Monthly Archives: May 2014

Installing MySQL

MySQL is going to be the back end database for the server.  It’s a fairly good RDBMS (Relational database management system) there are several others to choose from, for my Needs MySql is the database that I’m going to use.

To install MySQL it really couldn’t be much simpler.

log into your linux, using the username and password that you setup with installing.

issue the command

SU
Then enter your root password.  This will give you SuperUser access.

now issue the command

apt-get install mysql-server mysql-client

you will be prompted to enter a password for the MySql root user. note: this is not the Operating Systems root user, the MySql root user will only be able to access the database in god mode.
After the files complete the copying process, you are done.  MySql is installed and running.

Building a Lamp box using debian linux

LAMP – Linux, Apache, MySql & PHP.  These software packages installed together make for an extremely powerful way of hosting websites. Various forms of Linux can be downloaded for free.  Apache is the most used web server in the world and it’s free. MySql is a powerful relational database and PHP is a powerful scripting language.  Together these programs provide everything you need to create full websites with ineractiviy.  What’s more with the power of a relational database, you can provide very data rich pages to your users.

Over the next few posts, I’m going to detail a method of setting up a fully working LAMP system.  The steps will allow you to build a new lamp system from scratch to run on either a 64-bit intel based processor, or a Raspberry PI.  Apart from the initial steps for installing the Linux OS, everything else will be pretty much the same.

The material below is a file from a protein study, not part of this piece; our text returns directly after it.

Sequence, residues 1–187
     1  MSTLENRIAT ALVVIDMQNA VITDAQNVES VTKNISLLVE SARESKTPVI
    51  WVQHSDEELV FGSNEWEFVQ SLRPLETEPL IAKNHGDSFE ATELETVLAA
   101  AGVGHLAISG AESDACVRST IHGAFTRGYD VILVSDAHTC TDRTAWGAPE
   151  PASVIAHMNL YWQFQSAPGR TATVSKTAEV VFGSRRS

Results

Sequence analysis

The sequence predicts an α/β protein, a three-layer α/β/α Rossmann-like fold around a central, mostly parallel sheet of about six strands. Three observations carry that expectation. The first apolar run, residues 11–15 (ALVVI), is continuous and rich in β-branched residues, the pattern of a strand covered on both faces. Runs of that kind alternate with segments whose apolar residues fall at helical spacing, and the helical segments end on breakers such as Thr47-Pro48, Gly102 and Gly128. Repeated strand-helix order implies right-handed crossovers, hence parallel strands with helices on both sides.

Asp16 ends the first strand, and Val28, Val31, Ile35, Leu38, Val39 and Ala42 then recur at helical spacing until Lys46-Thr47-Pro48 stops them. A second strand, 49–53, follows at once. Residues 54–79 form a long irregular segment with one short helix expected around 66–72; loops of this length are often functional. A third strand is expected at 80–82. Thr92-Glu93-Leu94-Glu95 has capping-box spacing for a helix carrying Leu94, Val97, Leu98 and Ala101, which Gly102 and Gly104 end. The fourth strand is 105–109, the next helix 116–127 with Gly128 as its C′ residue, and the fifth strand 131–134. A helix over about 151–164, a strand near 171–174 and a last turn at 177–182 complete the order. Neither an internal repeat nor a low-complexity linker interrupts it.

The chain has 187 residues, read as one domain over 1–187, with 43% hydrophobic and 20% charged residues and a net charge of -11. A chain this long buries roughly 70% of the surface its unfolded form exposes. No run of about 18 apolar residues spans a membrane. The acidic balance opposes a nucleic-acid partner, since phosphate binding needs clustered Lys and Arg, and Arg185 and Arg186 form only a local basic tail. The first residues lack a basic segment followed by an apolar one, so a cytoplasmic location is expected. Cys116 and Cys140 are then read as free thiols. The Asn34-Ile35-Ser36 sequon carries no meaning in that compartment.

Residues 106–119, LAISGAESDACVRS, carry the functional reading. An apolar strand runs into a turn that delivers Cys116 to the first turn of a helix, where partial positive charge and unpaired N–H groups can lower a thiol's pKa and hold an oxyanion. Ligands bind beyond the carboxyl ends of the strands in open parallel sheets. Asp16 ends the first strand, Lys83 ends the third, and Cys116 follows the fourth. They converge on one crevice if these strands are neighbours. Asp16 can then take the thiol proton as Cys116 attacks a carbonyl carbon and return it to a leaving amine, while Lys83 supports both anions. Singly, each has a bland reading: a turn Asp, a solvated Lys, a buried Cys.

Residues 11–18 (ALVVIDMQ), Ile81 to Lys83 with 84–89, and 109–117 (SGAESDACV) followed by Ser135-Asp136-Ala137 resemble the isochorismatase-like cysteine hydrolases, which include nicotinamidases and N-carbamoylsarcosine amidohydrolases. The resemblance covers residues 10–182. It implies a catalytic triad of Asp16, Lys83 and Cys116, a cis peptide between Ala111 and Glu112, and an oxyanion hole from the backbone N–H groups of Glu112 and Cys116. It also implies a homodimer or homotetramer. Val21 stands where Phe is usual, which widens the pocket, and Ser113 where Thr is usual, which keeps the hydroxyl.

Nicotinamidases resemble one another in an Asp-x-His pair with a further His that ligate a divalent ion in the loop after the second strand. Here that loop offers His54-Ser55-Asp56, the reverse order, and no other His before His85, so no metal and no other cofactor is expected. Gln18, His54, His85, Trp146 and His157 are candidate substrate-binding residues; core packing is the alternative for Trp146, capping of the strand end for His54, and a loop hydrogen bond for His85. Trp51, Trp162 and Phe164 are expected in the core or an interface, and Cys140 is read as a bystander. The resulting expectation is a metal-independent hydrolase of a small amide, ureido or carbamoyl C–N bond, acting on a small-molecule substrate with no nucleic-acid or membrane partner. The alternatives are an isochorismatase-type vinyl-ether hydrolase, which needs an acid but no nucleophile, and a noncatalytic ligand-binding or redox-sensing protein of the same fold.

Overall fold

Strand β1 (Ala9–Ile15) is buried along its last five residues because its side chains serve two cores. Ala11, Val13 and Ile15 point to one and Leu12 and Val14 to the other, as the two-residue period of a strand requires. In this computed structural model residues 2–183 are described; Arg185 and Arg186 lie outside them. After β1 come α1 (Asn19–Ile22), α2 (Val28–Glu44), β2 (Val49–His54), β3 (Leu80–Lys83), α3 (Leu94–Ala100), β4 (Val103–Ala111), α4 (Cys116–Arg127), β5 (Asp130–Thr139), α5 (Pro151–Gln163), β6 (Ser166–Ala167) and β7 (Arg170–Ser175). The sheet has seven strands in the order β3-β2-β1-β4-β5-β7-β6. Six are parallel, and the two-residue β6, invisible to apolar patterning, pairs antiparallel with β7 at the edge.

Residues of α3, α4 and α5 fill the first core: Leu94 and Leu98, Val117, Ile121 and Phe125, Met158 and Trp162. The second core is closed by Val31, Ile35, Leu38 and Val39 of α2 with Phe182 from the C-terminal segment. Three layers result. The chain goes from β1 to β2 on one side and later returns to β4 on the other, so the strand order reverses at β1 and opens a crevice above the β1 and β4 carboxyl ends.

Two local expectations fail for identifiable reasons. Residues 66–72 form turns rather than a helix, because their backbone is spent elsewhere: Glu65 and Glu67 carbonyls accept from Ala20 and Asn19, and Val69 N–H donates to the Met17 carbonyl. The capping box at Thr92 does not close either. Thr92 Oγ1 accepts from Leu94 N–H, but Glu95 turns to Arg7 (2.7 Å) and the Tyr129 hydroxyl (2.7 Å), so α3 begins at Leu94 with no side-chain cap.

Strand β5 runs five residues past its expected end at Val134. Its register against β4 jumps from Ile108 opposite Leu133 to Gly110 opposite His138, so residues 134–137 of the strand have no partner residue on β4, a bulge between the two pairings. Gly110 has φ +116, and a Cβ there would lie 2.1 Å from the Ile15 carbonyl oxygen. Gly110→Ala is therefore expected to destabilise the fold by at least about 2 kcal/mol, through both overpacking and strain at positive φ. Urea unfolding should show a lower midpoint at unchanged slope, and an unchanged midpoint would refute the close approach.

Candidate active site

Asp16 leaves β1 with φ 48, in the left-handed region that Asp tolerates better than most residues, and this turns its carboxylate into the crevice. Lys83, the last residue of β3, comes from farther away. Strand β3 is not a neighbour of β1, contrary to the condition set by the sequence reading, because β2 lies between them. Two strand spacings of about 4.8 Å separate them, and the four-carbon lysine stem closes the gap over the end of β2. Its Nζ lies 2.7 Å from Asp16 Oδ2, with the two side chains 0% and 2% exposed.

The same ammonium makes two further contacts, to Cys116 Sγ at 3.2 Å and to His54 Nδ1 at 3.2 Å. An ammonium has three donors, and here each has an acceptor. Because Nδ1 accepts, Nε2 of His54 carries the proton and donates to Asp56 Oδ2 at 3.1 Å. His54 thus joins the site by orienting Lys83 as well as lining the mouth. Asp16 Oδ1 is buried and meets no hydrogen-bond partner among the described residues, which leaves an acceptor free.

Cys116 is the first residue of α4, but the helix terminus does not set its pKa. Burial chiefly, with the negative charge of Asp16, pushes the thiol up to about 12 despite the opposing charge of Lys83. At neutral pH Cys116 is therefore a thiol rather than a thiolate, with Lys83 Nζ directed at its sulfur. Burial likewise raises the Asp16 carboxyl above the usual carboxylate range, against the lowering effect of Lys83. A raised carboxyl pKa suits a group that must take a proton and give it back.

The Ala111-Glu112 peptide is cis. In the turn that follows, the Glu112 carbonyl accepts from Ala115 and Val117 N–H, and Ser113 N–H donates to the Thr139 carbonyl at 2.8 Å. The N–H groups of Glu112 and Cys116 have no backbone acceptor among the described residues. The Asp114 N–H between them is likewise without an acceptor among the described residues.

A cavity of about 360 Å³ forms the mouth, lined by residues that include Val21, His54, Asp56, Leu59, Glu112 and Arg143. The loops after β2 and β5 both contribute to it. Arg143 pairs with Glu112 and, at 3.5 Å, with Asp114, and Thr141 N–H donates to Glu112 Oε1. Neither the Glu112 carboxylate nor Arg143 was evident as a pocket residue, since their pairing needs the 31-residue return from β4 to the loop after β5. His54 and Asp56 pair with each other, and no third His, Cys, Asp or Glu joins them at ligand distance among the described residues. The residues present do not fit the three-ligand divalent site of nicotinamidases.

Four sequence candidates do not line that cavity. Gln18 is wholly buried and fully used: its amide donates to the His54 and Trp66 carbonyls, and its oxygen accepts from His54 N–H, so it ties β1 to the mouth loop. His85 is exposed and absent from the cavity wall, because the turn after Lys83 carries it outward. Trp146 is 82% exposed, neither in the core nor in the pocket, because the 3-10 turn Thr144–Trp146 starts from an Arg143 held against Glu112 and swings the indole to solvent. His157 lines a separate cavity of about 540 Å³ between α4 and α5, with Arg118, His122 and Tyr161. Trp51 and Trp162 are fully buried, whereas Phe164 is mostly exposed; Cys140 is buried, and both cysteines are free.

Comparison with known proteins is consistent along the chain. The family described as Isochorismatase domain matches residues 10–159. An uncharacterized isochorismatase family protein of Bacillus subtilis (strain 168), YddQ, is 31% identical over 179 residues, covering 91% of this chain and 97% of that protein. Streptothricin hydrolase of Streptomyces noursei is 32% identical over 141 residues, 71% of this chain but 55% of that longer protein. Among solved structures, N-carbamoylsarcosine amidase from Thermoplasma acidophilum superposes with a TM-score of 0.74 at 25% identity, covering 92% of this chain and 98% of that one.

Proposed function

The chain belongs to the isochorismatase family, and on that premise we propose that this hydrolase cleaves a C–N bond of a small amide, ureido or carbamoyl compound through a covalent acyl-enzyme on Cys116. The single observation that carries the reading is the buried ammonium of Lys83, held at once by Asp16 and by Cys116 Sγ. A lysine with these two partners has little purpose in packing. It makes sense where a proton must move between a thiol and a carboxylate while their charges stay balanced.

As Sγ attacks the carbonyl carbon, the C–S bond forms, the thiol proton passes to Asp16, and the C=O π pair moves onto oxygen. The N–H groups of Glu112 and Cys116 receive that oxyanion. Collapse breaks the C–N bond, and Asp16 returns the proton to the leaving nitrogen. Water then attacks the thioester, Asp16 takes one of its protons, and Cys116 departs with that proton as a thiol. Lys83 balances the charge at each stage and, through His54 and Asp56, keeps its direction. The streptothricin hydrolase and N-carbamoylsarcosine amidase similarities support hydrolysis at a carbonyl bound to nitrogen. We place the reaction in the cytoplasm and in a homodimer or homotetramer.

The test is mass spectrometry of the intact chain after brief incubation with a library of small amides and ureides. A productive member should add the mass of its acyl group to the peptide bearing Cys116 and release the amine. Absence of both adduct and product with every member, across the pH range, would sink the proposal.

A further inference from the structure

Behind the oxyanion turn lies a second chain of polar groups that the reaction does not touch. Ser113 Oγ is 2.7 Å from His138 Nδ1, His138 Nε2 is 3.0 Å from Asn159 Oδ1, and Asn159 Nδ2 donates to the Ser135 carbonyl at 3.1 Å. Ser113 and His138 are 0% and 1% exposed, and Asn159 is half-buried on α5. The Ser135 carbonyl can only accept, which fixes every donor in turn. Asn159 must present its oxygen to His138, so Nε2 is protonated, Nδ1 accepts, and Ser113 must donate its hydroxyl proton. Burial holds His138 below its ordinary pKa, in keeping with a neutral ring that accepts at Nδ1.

I’m going to install three different systems with this setup.  The first two will be virtual machines running in VMWare (One on VMWare Player in windows, one on VMWare Fusion on Mac OSX). The third will be installed as the main OS for a Raspberry PI Model B.  As these systems are based on different hardware, I need to use two different installers.  For the virtual machines, I can use the installer for Debian linux from here, for my download I chose the “amd64” download as this is for 64-bit processors (which both my desktop and laptop have)  for the Raspberry Pi I used the Raspbian download from here, it’s worth me pointing out that this will also install Debian Wheezy on the PI.

The installers are all fairly straight forward.  For the Intel based images, you are provided with an ISO file which can be plugged directly into VMWare whilst creating the virtual machine.  For the Raspberry PI, the installation process means using another machine to format and install the image onto the SD Card, then boot the PI.

Minimum install

Installing Debian Wheezy as a virtual macihine

LinuxAfterFirstBoot

Either way, you will end up with the same boot loader and installation options.  For my install, I chose to install  the absolute minimum, no GUI, no tools, or anything, I wanted complete control over the setup process.

Once installed I will be manually installing Apache, PHP, MySQL and an FTP server. This will give me the ability to use the linux machine in the same way that I would use for web hosting.  If I wanted, instead of the FTP, I could use SAMBA to create windows file shares which might work well as an alternative to FTP.  That is a decision that I can make later.  If I desired there is nothing stopping me from having both FTP and SAMBA.

The observant will notice that I after install I executed the APT-GET UPDATE command. This makes sure that my Linux install is completely patched.  I believe that patching is always the better option, it helps with issues like the recent Heartbleed scare.

 

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